It’s starting to seem like a quarterly thing, with VCs fighting lawsuits.
The latest firm to get zinged is Sierra Ventures in Menlo Park, Calif.
Syncom Capital – an early stage venture firm from Silver Springs, Md., that invests in telecommunications and media companies – is claiming that Sierra Ventures Managing Director Jeffrey Drazen, along with radio executive Steven Hicks and the hedge fund manager Lawrence Goldfarb, wrested control of an Internet radio startup called ClickRadio from them.
The case went to trial in New York last week.
Syncom is alleging that the three intentionally sank the company, then scooped up its assets for next to nothing.
The firm is asking for more than $500 million in damages, though Syncom invested only $5 million in ClickRadio in 2000, about a year before it went out of business, according to the New York Post, which broke news of the trial last week.
Another plaintiff in the lawsuit against Drazen and company is Henry “Hank” Williams Jr., ClickRadio’s original CEO.
Syncom lists five investing professionals on its website. They are Herbert Wilkins Sr. and Terry Jones, both co-founders and managing general partners; General Partners Duane McKnight and Milford Thomas; and Senior Associate Herbert Wilkins Jr. Only the younger Wilkins could be reached for comment by PE Week. He acknowledged that he knew about the Post article, but had no further comment.
Calls to the offices of Goldfarb and Hicks (the brother of Texas Rangers owner and former buyout pro Tom Hicks) were not returned by PE Week’s press time last Thursday. Calls to Syncom’s limited partners, including Fairview Capital Partners, Hamilton Lane and the New York State Common Retirement Fund, were also not returned.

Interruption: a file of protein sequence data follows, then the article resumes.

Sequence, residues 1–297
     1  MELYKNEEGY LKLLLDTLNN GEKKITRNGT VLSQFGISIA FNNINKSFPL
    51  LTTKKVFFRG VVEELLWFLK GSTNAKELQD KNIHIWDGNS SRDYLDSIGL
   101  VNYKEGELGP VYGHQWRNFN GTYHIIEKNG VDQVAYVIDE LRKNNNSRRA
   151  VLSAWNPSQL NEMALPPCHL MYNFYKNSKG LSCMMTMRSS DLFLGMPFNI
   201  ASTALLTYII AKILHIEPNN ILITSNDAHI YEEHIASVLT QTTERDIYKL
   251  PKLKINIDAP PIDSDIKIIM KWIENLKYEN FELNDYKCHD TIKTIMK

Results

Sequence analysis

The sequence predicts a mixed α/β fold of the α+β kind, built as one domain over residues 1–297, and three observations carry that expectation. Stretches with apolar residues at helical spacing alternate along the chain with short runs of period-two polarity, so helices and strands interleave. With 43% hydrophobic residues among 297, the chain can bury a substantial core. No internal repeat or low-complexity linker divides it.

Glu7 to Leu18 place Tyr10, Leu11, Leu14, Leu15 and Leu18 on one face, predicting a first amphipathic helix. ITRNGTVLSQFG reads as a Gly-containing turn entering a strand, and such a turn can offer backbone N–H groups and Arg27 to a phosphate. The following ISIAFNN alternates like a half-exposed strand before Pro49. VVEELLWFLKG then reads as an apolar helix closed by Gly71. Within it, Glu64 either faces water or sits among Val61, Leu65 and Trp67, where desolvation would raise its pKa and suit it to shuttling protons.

A spokeswoman for Sierra Ventures said, “None of the partners can talk to you about this. Our policy right now is not to comment.”
ClickRadio, founded in 1998, had developed a free, downloadable, ad-driven digital radio service, and the company had enticed some big investors with its technology.
Sierra Ventures funded the startup with a $7.1 million Series A in 1999. The following year, Sierra Ventures, Goldfarb’s investment firm Baystar Capital, Philips Electronics, Merrill Lynch and Syncom, invested $26.7 million, collectively.
Goldfarb and Drazen each took a board seat at ClickRadio, but according to the suit, refused to give one to Syncom’s Jones, though the suit claims that he was promised a seat.
The suit says, “as a result of the denial of a seat on the board, Syncom was denied an opportunity to vote and participate in directing the activities of the company.”
ClickRadio ultimately went out of business when it failed to secure further follow-on financing. The Post article says that Goldfarb, Drazan and Hicks deny there was any scheme to destroy ClickRadio, and they claim the company was a poorly run business that suffered after the tech bubble burst.
According to the plaintiffs, however, the day after ClickRadio shuttered its doors in September 2001, Goldfarb began negotiating with the company’s secured creditor, Comdisco, to buy its assets.
Three months and $3 million later, Goldfarb and Hicks purchased the assets at a bankruptcy auction. Several months after that, they offered to sell those assets to XM Satellite Radio in a deal that was never consummated.
Syncom, which raised a $135 million fund in 2000, is far from the first firm to tangle with another VC firm in recent memory. Last year was rife with lawsuits.
One suit in Silicon Valley last year involved dueling partners at VSP Capital in San Francisco.
In another case, entrepreneur Aamir Latif, who founded Nishan Systems in San Jose, Calif., settled his suit with investors Lightspeed Ventures and ComVentures.
And numerous founders and former employees of Epinions also settled their suit with the Silicon Valley venture firms they took on: August Capital, Benchmark Capital and BV Capital.